If you are just starting out with houseplants or think you kill them, you should try growing sansevieria. This easy-care indoor plant almost thrives on neglect making it hard to kill. Learn how to care for snake plant with these simple tips.
Have you grown snake plants before?
If not, it is a must-grow starter plant for those just beginning their plant parenting journey or are in need of indoor gardening success.
So don’t grow anything else unless you’ve mastered growing a sansevieria plant.
Because you really have to go out of your way to kill them to not succeed.
And if you’ve killed them before? After reading this post you won’t kill them again.
Here’s how to properly grow and care for the snake plant.
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About Sansevieria Plants
Sansevieria is a tropical plant that is native to Africa, Madagascar, and southern Asia. They are hardy plants commonly known as snake plants, mother-in-law’s tongue, or simply sansevieria.
They are popular houseplants due to their ease of care, air-purifying qualities, and tolerance for low light levels.
Snake plants are an ideal choice for those with busy schedules. And it is the perfect plant for those who are just starting out with indoor plants or think they kill things.
Which is why I think they are the most popular houseplants to grow.
How to Care for Snake Plant
Growing snake plants is relatively easy because they are low maintenance and can thrive in a variety of light conditions.
Here’s what you need to know.
Plant in well-draining potting soil mix. But cacuts mix or regular potting soil mixed with perlite works well too.
Sansevierias like things on the dryer side so soil that is less likely to retain water is better for them.
Because some varieties grow very tall, make sure you pot them up in a heavy-duty planter that won’t topple over as they mature in size.
Snake plants prefer bright, indirect light, but can tolerate low light conditions too. Avoid direct sunlight because it can scorch the leaves.
I keep mine in many different areas of my home and they thrive in almost anything you throw at them.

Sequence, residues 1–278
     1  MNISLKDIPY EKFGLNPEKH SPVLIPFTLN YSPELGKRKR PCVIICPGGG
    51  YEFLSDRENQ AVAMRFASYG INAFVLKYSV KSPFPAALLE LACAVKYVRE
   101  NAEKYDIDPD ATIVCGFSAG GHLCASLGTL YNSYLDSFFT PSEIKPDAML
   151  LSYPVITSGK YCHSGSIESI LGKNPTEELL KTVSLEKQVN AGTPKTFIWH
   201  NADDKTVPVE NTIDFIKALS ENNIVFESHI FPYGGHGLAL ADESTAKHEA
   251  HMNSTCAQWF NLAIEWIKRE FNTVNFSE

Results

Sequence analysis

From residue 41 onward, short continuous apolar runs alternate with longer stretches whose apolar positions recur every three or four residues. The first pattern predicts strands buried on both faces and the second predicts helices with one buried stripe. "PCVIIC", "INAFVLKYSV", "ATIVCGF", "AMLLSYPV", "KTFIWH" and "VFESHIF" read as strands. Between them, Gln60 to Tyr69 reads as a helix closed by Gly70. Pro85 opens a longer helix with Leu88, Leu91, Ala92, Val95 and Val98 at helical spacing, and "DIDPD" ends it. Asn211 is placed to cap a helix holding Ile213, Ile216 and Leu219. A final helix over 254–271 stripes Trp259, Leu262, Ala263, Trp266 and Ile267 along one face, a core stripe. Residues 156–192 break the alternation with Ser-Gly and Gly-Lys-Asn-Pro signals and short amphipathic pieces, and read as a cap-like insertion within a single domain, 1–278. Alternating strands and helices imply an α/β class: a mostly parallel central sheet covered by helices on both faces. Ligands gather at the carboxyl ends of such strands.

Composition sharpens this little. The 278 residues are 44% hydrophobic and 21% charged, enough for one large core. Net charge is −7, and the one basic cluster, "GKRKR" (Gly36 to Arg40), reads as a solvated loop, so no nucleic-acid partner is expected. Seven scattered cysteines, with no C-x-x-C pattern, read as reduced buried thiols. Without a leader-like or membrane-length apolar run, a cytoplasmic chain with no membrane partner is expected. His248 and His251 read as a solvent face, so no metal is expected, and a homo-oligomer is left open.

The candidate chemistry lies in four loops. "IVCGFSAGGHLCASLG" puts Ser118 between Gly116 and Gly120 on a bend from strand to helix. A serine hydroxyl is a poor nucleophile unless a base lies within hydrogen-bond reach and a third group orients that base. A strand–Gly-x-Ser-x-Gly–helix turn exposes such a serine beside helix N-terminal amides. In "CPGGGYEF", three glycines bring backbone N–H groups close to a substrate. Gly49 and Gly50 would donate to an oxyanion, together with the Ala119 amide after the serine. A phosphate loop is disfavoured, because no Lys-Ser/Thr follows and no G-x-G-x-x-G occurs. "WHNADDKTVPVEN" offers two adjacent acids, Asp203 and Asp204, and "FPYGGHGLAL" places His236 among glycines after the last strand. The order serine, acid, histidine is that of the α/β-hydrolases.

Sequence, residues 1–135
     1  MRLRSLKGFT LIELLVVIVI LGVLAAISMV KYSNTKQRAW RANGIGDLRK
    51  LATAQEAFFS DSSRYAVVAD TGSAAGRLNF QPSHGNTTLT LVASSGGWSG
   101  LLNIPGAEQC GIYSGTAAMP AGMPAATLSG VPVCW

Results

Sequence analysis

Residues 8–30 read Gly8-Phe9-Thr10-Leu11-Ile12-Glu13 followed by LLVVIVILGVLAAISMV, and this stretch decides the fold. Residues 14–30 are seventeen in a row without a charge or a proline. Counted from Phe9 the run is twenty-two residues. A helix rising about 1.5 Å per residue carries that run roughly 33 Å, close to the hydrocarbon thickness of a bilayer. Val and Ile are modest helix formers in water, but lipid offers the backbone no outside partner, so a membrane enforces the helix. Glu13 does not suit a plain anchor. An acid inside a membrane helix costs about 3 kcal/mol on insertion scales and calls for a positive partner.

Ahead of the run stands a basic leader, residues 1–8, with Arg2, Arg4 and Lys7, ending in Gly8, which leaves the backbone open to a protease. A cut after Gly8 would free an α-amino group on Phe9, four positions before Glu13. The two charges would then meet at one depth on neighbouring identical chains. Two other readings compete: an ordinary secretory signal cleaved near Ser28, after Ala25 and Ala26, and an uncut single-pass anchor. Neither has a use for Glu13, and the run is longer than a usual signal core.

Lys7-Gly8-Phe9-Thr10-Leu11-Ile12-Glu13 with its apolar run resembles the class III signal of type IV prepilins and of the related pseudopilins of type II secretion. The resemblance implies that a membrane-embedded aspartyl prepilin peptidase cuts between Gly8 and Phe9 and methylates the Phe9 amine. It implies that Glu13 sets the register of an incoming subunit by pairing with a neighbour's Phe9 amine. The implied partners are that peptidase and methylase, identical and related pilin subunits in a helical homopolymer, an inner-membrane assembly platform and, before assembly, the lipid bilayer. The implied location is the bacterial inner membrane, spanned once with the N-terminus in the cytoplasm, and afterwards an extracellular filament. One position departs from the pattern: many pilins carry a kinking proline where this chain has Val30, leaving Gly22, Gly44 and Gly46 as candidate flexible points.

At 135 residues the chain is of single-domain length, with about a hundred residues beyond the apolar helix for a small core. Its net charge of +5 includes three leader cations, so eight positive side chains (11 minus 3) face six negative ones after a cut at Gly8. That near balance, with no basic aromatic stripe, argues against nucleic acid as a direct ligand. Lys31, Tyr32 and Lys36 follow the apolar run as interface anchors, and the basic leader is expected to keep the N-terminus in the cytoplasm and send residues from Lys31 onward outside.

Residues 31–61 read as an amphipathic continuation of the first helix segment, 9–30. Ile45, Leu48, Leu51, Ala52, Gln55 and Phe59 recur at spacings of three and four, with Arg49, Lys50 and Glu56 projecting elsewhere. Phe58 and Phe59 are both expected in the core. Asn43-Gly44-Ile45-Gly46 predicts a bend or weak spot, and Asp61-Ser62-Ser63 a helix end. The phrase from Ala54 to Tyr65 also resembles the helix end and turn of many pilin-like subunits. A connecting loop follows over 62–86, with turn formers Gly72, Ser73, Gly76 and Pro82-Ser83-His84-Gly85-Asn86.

Just make sure they get some sort of light. This means, don’t keep them in dark spaces or a room with no windows at all.
Where watering snake plants is concerned, less is more. Allow the soil to completely dry out between waterings, and be careful not to overwater.
Snake plants are drought-tolerant and can survive long periods without water. I water my snake plants once a month if that. Do not water these plants weekly as they do not like wet soil.
We have one plant in our Vermont cabin and sometimes it won’t get watered for a few months. So these plants almost thrive on some neglect.
Snake plants can thrive in low humidity, but a weekly misting can help keep the leaves healthy if you want to do that.
I don’t weekly misty my plants and leave them be while they are indoors. It’s a good idea to dust the leaves off every now and again though.
But I do bring them outside during the warmer months after all danger of frost passes so they can enjoy the heat and humidity of a long New Jersey summer.
While outdoors, keep them in an area that receives bright indirect light out of direct sunlight. I keep mine under a covered porch or roofline of the house.
Sansevierias benefit from their time outdoors by putting out more rapid growth. While they are still slow-growing plants, you’ll notice more new growth if you give them a summer vacation.
Fertilize snake plants once a month during the growing season with a balanced, water-soluble fertilizer.
Always follow the manufacturer’s directions for the recommended strength and stop fertilizing in the fall so they can go dormant during the winter season.
Repot snake plants every 2-3 years, or when they outgrow their current pot. If left in their containers for too long, they can get root bound. And if you grow them in a clay pot they’ve been known to bust out of them if left in one for too long.
When repotting your sansevieria plant, it’s also a great time to propagate or divide them too.